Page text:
Project Areas: The potential for cashew production lies along the cashew hub in the Western Province (Barotseland). The Project will be implemented in 10 out of 16 Districts of the Western Province, namely Mongu, Limulunga, Senanga, Kalabo, Nalolo, Sikongo, Shangombo, Sioma, Lukulu, and Mitete which were selected, during the Stakeholders' Workshop, based on
(i) high potential for cashew production,
(ii) less frost problem, and
(iii) high incidence of poverty, food insecurity and malnutrition. The infrastructure in the Western Province, like rural feeder roads etc, is generally very poor and the area has dominant Kalahari sandy soil that can hardly support conventional crops.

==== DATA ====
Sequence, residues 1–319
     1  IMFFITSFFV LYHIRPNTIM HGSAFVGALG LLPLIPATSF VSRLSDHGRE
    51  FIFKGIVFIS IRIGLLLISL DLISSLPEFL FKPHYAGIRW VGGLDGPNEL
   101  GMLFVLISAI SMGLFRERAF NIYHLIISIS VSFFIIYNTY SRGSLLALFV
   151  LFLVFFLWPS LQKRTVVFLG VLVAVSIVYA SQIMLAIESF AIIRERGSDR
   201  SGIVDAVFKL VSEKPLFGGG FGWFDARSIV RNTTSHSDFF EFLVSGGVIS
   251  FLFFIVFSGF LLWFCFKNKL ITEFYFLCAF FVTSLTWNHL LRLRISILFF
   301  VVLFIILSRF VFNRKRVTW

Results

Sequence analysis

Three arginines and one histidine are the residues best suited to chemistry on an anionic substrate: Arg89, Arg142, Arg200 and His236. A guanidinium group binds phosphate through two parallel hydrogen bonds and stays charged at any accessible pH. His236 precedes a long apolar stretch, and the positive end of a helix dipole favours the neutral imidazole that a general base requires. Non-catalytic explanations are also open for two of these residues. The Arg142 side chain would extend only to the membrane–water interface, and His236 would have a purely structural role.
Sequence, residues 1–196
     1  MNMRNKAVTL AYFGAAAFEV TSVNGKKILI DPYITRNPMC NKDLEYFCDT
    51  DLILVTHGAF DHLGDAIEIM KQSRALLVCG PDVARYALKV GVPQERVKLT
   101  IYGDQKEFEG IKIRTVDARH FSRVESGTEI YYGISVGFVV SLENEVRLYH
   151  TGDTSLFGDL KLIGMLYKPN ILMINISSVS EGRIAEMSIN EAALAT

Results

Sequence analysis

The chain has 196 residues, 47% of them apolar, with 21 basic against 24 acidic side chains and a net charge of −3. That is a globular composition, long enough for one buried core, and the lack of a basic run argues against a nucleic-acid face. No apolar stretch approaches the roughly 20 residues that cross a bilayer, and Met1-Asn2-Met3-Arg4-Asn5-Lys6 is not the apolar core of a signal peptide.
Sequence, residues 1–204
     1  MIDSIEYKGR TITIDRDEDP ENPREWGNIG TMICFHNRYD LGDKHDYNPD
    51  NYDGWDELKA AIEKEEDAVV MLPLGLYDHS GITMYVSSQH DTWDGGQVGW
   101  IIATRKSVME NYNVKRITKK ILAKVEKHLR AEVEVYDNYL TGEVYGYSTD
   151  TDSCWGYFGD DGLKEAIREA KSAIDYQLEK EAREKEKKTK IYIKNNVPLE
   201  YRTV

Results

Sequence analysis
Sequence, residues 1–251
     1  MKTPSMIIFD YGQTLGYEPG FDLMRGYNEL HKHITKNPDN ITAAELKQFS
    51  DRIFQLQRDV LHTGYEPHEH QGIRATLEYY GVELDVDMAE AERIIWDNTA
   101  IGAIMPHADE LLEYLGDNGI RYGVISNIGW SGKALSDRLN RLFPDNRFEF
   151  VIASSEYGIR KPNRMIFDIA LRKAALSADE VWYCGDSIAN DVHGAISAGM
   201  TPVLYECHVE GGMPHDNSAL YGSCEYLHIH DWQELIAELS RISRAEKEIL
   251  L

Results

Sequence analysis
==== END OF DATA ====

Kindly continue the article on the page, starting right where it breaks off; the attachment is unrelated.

Project Beneficiaries: According to 2010 census, the Western Province has total population of 902,974 out of which 469,469 (52%) are female. The Province has high poverty level (80.4%) and about 70% of those in the poor category are women. The primary beneficiaries of the Project are smallholder cashew farmers/producers and processors (farmer groups and Private Sector). The Project will directly benefit 60,000 smallholder farmers including 30,000 (50%) women and 7,000 youths, each planting 1 ha (100 cashew trees). The labour input for the farming operations is equivalent to 25,000 jobs. However, the Project will generate about 6,000 full time jobs (3,000 of which will be for rural women and 1,000 for youths) in cashew nursery, production, processing and marketing operations.